The premise of the show is incredibly absurd and it is not at all realistic, but few legal dramas are. Law & Order is the only one I've ever watched that's been in the same ballpark as reality. David E. Kelley puts on a good show sometimes, but as a rule legal dramas are as reflective of the practice of law as CSI is reflective of the study of forensic science (that is to say, not at all reflective).
That said, when they aren't drowning you in terrible cliches, this show isn't half bad. I thought the second episode was significantly stronger than the pilot, which was mostly a mess.
Originally Posted by domino92024
As long as the lead attorney of record in a trial passed that state's bar exam, his/her assistants need not.
The kid has filed several motions already, hasn't he? I would assume that they were filed using his boss's bar identification, but even still, given that his boss never looked them over, they were all unlicensed practice. They are neck deep in unlicensed practice and his boss would be disbarred in no time flat. As I recall, the kid's interactions with the client and witnesses in his pro bono case clearly misrepresented him as a lawyer.
4000 page briefs? No such thing. And worse, proofing a document that size would literally take one associate months. Going through all those boxes in a single night? Impossible. You could staff five attorneys on those boxes and they wouldn't be done in a night. Patent filings? Those can only be done by patent lawyers. General practice lawyers like these guys aren't even admitted to the patent bar so there's another layer of unlicensed practice. And, most important, no partner who planned to keep his job would ever keep throwing filings at a first year associate and tell him to "figure it out." The client would go ballistic, and the filing would be screwed up, and millions of dollars would get flushed down the toilet.
Point is, this show isn't even close to realistic and I have to assume it isn't concerned with trying to be realistic. If it is, they need to hire some new consultants, so I wouldn't look too closely at anything law-related going on.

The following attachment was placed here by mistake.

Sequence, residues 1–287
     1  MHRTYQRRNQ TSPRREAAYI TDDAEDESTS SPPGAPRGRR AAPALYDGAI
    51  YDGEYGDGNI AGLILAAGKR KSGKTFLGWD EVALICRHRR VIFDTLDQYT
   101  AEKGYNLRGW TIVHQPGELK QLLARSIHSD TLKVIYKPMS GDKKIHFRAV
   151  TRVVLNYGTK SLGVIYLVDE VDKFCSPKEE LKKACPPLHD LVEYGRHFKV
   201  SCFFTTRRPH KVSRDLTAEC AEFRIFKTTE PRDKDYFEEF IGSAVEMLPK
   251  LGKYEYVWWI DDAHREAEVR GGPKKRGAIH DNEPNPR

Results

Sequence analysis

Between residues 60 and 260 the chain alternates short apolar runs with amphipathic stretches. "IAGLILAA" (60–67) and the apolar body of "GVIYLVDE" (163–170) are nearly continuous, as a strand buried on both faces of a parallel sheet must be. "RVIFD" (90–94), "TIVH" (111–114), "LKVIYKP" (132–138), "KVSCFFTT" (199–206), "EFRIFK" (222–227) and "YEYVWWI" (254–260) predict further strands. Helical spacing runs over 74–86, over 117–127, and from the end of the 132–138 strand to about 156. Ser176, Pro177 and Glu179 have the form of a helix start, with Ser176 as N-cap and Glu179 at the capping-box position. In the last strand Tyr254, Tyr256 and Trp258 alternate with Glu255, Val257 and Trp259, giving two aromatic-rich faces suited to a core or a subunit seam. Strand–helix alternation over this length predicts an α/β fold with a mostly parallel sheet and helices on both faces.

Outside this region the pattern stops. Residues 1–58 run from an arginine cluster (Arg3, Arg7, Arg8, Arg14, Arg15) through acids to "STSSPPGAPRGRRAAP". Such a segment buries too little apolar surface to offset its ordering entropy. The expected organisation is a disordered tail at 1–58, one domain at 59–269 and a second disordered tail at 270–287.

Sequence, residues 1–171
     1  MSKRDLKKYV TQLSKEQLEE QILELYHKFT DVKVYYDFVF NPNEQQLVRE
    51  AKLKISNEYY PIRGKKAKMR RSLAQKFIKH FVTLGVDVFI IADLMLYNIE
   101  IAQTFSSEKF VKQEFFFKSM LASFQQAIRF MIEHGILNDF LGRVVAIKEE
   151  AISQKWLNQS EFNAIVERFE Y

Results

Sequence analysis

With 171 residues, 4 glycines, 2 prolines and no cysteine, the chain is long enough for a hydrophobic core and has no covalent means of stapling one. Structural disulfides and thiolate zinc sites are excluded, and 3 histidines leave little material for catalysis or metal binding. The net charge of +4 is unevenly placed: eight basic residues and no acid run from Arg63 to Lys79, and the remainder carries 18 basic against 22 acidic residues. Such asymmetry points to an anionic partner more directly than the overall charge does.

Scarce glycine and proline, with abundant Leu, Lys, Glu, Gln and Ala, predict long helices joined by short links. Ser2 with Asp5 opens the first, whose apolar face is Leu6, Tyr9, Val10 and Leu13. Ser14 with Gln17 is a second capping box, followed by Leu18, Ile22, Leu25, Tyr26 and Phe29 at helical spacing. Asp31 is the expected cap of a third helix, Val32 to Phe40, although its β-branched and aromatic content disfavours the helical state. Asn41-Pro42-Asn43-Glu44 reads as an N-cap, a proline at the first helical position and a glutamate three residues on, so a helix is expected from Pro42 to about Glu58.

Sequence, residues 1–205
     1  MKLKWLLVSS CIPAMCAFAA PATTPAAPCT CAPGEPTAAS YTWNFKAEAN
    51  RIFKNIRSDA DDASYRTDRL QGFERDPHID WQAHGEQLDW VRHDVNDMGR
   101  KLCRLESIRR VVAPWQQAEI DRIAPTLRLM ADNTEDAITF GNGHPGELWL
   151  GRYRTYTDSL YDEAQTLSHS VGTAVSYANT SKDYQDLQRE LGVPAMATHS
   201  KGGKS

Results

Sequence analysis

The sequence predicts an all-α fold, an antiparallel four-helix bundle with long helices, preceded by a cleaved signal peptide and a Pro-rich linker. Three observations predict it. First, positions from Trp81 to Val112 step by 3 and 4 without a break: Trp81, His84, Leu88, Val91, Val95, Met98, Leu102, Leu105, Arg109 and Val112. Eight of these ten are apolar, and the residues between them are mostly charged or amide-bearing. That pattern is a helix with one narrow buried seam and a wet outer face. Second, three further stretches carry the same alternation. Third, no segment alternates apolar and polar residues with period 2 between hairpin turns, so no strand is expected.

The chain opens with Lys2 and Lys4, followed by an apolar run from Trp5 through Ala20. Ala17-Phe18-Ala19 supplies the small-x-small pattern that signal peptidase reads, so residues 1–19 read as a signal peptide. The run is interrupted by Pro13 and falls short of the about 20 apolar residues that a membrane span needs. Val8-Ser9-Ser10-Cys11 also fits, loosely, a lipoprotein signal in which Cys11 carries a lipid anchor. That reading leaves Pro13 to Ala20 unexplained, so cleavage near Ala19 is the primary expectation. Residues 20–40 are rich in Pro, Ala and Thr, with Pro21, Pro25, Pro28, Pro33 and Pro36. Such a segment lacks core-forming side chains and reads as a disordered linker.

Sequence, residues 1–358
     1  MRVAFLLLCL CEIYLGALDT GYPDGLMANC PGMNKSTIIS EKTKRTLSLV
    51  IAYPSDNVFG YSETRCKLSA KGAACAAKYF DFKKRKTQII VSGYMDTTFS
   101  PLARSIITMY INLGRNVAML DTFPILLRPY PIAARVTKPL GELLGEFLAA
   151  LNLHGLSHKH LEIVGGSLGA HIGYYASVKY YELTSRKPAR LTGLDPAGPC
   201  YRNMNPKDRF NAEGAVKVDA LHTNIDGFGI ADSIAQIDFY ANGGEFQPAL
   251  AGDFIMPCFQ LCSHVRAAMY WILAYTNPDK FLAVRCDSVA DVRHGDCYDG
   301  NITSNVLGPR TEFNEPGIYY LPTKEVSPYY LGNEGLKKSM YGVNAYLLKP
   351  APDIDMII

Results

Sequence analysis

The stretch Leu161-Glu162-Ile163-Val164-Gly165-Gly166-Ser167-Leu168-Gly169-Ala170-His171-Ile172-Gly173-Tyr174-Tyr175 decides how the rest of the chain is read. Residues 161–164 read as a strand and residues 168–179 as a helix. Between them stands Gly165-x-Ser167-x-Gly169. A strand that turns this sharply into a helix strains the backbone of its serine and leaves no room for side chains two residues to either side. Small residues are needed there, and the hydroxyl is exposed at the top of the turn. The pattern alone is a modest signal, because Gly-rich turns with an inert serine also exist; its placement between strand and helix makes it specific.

To me, the most interesting choice was giving the paralegal a cushy window office while strangely appearing to seat the actual lawyers in bullpen-style cubicles. Of all the choices they've made on this show when it comes to disregarding reality, I find that by far the most out of place--particularly given how much they have emphasized already importance of a lawyer's appearance, dress, and office space.
Although there are certainly many star paralegals out there who go on to become highly successful lawyers, none of them are ever treated as anything more than glorified secretaries while they are still paralegals. In the world of the law firm, there are two classes of individuals: lawyers and non-lawyers. Disappointing and unfortunate, but true. Paralegals are the latter; they would never get window offices if lawyers are stationed at cubicles. Paralegals don't generally do legal research, except the absolute most basic kind; in firms of this size/prestige, they'd exist mostly to manage files ("case management") and occasionally cite-check briefs. I suppose it's not totally unrealistic for a paralegal to help out with research on a pro bono case though.
One last thing: law firms don't do drug tests on lawyers. (At least, not high profile firms like they're presenting this one as.)